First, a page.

Finding New Metaphors

One of my favorite technologists is David Warlick. David opened me to new ways of thinking about digital literacy. I share David’s ideas in my teaching at Carnegie Mellon and in any technology planning efforts. At this year’s ISTE Conference I spotted David at the keynote presentation.

From David Warlick's web site

At the end of the speech David invited me to hear him the next day for his presentation, “A Garden’s Approach to Learning.” I took up his invitation and enjoyed his use of gardening metaphors to explain his new approach to teaching and learning. According to David’s own description on his blog, 2 Cents Worth:

In the same way that a garden is a rich and intertwined ecosystem where plants, air, soil, birds and bugs interact to grow and reproduce, today’s emerging information landscape is an info-system, where content is produced, published, accessed, consumed, discussed, re-mixed and re-published. To be a “master learner” — to be a teacher — today, you must learn to work the info-system in order to cultivate new knowledge and skills from a continual flow of information.

In his presentation David outlined how a life-long learner prepares his garden, sowing the seeds of learning, watering the growing seeds, and then nourishing the plants in order to grow the crops of knowledge.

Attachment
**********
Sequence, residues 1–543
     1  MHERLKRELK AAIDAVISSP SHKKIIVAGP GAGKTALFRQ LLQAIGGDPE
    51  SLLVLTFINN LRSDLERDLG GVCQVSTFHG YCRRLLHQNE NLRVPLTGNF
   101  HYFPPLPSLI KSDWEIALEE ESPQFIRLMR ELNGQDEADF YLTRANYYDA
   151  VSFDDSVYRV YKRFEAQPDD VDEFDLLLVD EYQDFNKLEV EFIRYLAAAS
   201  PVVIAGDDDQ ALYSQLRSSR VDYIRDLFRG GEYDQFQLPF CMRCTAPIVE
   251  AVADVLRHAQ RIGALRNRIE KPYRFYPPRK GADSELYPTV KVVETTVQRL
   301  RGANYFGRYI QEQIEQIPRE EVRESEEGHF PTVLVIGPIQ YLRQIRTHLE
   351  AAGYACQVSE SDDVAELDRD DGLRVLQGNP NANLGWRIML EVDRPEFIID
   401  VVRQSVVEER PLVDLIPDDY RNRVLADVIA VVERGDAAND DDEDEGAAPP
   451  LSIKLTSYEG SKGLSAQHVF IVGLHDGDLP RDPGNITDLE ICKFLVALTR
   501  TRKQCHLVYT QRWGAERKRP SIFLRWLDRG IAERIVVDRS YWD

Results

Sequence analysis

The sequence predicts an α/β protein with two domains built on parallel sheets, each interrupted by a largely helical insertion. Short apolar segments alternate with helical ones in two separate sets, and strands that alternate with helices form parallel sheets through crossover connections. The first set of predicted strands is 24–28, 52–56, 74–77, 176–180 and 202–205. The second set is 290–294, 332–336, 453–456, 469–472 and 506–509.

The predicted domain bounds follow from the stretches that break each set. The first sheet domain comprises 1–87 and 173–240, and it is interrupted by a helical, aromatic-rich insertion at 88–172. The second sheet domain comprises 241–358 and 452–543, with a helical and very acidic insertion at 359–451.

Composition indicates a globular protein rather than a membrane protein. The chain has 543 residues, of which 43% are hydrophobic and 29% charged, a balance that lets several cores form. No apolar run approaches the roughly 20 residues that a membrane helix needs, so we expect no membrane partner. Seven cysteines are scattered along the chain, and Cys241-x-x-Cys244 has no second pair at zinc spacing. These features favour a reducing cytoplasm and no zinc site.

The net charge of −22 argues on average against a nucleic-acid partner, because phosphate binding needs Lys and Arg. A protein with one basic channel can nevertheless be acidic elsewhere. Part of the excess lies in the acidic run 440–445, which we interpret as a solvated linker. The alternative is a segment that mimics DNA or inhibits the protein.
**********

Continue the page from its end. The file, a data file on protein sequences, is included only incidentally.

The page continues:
We need metaphors, like David’s gardening image, to give us new insights in order to tap into the power of technology. As we move forward we need new metaphors to describe the world of school. Tim Magner, the former director of educational technology for the Department of Education, developed School 2.0. Like David Warlick, Tim Magner’s uses a metaphor for a learning ecosystem. In School 2.0 we need to think about the relationship between school, home, and the community.

The new movement toward personalized learning will require another metaphor, perhaps Learning 3.0. It’s no longer about a physical place, but a process that allows each learner at any age to find the necessary ingredients for life-long learning. We need to find metaphors that blend virtual and brick-and-mortal schooling. We need to find metaphors that provide opportunities to merge formal and informal settings for learning. We need to find metaphors that don’t limit our focus to any age or time for learning.

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